(KMOV.com) - You’ve probably heard that we are in a strong to significant El Nino. What does it mean for the Saint Louis area and the Midwest?
Bottom line, El Nino winters in our area tend to be a little warmer and drier. That means we could see lower than normal snowfall and we might be able to save a little cash on our heating bills. The southern half of the United States, from California to the Carolinas, tends to be wetter than normal. That could help with desperately needed drought-relieving rain. El Nino also cuts down the number of tropical systems in the Atlantic basin.
What is an El Nino cycle? El Nino describes a periodic warming of the ocean waters near the Equator in the central and eastern Pacific. We still don’t know exactly why, but global records indicate that this patch of ocean warms for six to eighteen months every two to seven years.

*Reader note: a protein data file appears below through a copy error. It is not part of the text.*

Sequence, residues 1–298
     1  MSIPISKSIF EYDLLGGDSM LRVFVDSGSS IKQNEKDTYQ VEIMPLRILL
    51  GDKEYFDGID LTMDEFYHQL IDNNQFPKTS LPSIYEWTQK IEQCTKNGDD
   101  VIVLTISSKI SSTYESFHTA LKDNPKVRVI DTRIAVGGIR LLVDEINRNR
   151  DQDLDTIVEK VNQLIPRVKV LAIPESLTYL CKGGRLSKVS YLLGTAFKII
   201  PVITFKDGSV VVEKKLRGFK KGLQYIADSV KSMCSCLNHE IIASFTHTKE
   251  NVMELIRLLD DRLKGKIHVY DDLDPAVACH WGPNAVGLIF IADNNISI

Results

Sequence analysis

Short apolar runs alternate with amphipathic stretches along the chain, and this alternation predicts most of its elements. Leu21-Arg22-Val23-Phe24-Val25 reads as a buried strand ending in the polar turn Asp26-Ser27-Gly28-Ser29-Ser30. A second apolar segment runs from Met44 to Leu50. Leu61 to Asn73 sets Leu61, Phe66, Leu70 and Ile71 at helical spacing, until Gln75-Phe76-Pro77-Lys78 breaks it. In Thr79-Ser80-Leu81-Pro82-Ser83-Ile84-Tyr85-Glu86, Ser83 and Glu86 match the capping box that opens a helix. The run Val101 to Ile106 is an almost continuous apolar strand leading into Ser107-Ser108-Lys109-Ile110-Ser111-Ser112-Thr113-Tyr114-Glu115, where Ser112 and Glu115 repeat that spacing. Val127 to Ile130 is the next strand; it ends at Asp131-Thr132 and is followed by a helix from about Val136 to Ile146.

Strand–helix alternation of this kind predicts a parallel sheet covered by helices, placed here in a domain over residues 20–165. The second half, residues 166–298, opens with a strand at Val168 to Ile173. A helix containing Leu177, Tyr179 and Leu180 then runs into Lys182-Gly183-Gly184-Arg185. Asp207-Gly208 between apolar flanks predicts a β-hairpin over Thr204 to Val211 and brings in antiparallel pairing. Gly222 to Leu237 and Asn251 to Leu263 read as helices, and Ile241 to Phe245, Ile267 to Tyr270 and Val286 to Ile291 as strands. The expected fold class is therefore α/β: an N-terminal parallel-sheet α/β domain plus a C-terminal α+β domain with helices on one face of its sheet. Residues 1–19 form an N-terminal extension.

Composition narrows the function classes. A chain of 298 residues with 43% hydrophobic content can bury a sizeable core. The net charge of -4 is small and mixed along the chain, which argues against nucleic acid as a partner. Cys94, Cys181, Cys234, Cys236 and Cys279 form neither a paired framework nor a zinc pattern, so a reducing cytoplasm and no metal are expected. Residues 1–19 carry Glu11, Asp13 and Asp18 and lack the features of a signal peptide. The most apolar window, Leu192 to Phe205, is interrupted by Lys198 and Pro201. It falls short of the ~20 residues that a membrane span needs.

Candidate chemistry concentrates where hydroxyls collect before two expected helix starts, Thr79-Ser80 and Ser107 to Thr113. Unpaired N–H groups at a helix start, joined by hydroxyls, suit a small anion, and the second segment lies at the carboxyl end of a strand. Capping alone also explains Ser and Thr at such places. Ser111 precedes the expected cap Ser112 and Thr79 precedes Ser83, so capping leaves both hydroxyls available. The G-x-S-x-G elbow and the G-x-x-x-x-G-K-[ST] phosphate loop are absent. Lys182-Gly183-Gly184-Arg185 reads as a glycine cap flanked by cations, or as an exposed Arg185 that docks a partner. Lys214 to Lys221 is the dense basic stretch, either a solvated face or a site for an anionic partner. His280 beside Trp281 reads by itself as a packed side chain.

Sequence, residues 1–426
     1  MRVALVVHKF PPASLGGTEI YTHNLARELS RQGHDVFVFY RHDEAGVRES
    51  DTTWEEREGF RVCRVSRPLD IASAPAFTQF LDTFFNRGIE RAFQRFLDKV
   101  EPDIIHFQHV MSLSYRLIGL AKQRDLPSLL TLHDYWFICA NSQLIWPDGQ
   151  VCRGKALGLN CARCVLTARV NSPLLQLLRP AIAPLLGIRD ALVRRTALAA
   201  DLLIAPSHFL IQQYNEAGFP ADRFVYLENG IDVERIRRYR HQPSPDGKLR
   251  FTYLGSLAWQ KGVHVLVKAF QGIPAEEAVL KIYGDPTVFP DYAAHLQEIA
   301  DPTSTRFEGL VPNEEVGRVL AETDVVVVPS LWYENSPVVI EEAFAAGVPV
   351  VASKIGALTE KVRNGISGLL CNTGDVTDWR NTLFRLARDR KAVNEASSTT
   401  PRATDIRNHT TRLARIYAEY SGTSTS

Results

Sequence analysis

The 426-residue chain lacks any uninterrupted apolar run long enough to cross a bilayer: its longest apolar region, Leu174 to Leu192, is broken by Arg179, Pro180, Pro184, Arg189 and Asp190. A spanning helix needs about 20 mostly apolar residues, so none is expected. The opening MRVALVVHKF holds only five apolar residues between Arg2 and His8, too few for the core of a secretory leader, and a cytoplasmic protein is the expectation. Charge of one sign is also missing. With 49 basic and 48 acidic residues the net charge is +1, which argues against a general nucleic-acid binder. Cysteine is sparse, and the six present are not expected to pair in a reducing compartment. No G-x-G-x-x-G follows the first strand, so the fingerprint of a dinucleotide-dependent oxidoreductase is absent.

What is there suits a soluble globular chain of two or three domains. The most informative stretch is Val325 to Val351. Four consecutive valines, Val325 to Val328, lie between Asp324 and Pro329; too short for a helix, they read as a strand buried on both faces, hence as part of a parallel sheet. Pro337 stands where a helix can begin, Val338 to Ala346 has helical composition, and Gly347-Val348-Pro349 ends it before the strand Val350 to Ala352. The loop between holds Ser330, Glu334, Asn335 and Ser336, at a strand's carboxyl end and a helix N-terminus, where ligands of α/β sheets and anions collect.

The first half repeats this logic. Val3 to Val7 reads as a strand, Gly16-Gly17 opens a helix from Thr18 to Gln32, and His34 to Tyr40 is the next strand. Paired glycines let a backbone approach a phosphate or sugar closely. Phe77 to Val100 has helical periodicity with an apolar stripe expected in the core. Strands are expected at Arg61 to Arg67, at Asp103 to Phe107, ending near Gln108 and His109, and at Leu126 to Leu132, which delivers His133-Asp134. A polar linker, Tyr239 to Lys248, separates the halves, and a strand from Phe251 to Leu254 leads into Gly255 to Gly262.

Currently, ocean temperatures in the Pacific are hitting record highs and still climbing. One scientist has even referred to the current cycle as a “Godzilla El Nino.” Comparisons are already being made to two of the strongest El Nino patterns recorded in the last 60 years, 1982-83 and 1997-98. In those cycles, California had devastating floods and costly landslides from repeated heavy rains.
We only have reliable ENSO (El Nino Southern Oscillation) phase data back to the 1950s, so there is still much we don’t know. We do know that the El Nino cycle has temperature and precipitation impacts all across the globe. It is important to remember that El Nino is not the sole driver of weather in our atmosphere. Be wary of seasonal outlooks. There is still very little skill and accuracy there!
When El Nino was making headlines back in 1997, Saturday Night Live poked a little fun at the still little understood weather phenomenon. Some of you might remember this little snippet from the late Chris Farley.